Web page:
Bawa v. Terhune, 013019 SUPAD, JAD19-01
|Opinion Judge:||RICCIARDULLI, J.|
|Party Name:||J.S. BAWA, Plaintiff and Appellant, v. DAVID TERHUNE, Defendant and Respondent.|
|Attorney:||Law Office of Allen R. King and Allen R. King, for Plaintiff and Appellant J.S. Bawa. Eviction Defense Network, Claudia Medina, for Defendant and Respondent David Terhune.|
|Judge Panel:||We concur: Kumar, Acting P. J. Richardson, J.|
|Case Date:||January 30, 2019|
|Court:||Superior Court of California|
APPEAL from a judgment of the Superior Court of Los Angeles County, No. 17U06953 Michael B. Harwin, Judge. Reversed and remanded.
Law Office of Allen R. King and Allen R. King, for Plaintiff and Appellant J.S. Bawa.
Eviction Defense Network, Claudia Medina, for Defendant and Respondent David Terhune.
We hold that, when a landlord returns a tenant's rent check without cashing it based on a de minimis shortage in the agreed-upon rent, a tenant can assert the landlord's bad faith in rejecting the payment as a defense to an unlawful detainer action. We reject appellant's argument that when, as in the present case, a check is returned because it is one cent short and an eviction notice is served days later, the tenant must re-tender payment following service of the notice and has no defense to the action after failure to re-tender.
The jury in the unlawful detainer action brought by plaintiff and appellant J.S. Bawa determined defendant and respondent David Terhune “Did [not] fail to make at least one rental payment to [plaintiff] as required by the rental agreement, ” and the court entered judgment for defendant. As the tender of the check was rejected, defendant failed to pay the rent, and thus the judgment was not supported by the evidence. Because the jury determined (improperly) that defendant paid the rent, it did not address whether there was a legitimate defense to the unlawful detainer cause of action. We reverse and remand for a new trial.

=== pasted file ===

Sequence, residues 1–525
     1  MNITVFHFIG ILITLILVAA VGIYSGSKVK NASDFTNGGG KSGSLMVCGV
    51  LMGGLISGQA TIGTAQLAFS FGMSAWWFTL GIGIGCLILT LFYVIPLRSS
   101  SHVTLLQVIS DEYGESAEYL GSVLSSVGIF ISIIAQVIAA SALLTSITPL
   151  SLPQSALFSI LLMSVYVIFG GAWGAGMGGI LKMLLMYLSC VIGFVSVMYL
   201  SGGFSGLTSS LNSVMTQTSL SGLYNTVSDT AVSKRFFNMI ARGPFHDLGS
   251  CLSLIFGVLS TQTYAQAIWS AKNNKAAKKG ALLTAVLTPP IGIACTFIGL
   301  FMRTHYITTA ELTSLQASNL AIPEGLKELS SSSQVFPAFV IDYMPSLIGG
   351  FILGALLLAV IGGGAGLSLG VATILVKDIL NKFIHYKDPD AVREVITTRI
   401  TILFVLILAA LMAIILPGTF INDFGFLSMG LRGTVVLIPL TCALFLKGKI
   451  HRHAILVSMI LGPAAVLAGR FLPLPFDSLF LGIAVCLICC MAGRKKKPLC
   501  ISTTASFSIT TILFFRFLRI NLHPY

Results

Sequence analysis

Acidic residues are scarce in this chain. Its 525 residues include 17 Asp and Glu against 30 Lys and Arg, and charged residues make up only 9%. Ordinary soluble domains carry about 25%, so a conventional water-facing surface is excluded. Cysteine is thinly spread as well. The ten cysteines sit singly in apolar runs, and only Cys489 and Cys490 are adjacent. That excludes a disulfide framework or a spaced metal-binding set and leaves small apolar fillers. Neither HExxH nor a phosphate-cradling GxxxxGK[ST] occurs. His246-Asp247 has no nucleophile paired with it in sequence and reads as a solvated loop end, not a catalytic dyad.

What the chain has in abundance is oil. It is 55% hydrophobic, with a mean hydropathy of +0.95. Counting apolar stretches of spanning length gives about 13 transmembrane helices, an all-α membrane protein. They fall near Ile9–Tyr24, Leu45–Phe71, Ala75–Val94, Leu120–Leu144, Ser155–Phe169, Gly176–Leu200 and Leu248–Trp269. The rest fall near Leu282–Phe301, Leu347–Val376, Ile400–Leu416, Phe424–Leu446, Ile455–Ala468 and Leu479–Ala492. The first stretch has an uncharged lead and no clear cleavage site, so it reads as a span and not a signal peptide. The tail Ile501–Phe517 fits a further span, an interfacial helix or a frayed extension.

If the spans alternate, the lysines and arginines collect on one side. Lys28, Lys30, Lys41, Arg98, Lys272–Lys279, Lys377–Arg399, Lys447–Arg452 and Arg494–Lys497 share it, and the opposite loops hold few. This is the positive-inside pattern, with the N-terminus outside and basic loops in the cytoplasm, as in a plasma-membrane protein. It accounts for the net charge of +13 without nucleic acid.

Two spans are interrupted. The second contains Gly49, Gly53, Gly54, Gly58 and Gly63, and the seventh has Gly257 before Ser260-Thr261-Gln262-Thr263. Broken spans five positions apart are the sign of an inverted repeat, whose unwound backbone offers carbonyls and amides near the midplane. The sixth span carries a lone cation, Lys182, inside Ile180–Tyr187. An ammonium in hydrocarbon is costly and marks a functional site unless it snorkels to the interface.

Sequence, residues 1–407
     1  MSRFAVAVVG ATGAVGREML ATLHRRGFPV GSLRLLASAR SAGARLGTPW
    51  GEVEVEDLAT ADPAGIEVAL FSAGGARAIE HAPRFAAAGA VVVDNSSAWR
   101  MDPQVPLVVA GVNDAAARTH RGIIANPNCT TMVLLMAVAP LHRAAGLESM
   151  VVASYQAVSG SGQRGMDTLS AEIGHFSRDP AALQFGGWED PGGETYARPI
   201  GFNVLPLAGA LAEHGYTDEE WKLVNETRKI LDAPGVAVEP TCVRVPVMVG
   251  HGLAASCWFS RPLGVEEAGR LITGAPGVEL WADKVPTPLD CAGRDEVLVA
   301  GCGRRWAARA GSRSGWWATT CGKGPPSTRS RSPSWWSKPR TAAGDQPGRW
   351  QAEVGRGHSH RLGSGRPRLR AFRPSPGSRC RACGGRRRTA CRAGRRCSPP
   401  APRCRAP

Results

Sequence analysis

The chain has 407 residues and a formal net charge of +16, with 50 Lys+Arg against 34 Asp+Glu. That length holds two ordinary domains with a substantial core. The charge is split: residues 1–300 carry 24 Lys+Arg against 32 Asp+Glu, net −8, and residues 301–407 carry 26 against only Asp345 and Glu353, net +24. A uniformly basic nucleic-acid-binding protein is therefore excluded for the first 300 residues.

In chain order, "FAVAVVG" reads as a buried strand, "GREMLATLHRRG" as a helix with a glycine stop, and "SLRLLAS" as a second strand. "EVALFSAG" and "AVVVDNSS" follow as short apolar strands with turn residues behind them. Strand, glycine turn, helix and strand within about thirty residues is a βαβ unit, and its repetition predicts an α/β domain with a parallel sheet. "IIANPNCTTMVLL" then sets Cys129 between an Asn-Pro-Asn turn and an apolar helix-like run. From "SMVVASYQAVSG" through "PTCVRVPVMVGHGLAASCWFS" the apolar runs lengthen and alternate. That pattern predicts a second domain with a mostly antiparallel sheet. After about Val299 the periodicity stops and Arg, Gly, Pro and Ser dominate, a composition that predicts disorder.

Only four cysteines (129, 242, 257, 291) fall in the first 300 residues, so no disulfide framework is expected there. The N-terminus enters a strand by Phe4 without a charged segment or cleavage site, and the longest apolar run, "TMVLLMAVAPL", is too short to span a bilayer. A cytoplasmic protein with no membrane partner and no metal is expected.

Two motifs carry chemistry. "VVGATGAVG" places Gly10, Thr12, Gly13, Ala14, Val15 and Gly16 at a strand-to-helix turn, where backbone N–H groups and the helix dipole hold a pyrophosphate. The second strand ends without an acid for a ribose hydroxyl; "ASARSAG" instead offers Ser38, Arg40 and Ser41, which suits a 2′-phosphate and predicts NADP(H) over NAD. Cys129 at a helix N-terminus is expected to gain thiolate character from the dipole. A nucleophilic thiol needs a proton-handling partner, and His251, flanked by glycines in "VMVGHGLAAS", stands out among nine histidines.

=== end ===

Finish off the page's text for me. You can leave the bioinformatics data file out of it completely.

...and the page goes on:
Plaintiff filed the unlawful detainer case against defendant based on a failure to comply with a June 12, 2017 three-day notice to pay rent or quit. Plaintiff alleged the rental unit was subject to the City of Los Angeles Rent Stabilization Ordinance (LARSO) (L.A. Mun. Code, § 151.00 et seq.), and the action was warranted based on failure to pay rent (see L.A. Mun. Code, § 151.09, subd. A. [evictions under LARSO must be supported by “good cause”]). The attached three-day notice stated there was “unpaid and delinquent rent” of $507.61 for June 2017, consisting of the base $504 rent and a $3.61 City of Los Angeles Systematic Code Enforcement Program (SCEP) fee (L.A. Mun. Code, § 161.352). Plaintiff stated that, unless defendant complied with the notice, he “does hereby elect to declare a forfeiture of the subject lease... and will institute legal proceedings for the unlawful detainer... to recover possession of the premises....”
Defendant filed an answer, generally denying the allegations in the complaint, including that he was in default in paying the rent. Defendant also asserted affirmative defenses, including that plaintiff “[breached the] warranty of habitability, ” “filed this lawsuit to retaliate against tenant for... asserting tenant's legal rights, ” and “violated the [i]mplied [c]ovenant of [g]ood [f]aith and [f]air [d]ealing.” Defendant additionally asserted his “[b]reach was not material and thus will not support a forfeiture.”
At the ensuing jury trial, Tariq Saeed, plaintiff's resident manager, testified defendant was obligated to pay $507.61 at the beginning of each month. In early June 2017, Saeed received a check drawn on defendant's Wells Fargo bank account in the amount of $507.60. On June 7, Saeed mailed back the check, uncashed, with a letter stating “we are returning your check... since the rent amount is incorrect. The correct amount of your rent portion including the SCEP fees is currently $507.61.” Saeed served the three-day notice to pay rent or quit on defendant on June 12 by posting the notice on defendant's apartment door and mailing a copy to him on June 13. After expiration of the notice period, defendant sent plaintiff two checks, one dated June 20, 2017, in the amount of $507.61 and another for $519.86, dated June 25, 2017. The checks were not deposited into plaintiff's account, nor were they negotiated. Defendant's testimony confirmed none of his checks for June were paid by his bank.
The jury was instructed that, for plaintiff to prevail, it had to find defendant failed to pay the rent, a three-day notice was served on defendant, and defendant failed to comply with the notice. The jury was further instructed on defendant's affirmative defenses, including habitability and retaliation, but not “good faith and fair dealing” and that...
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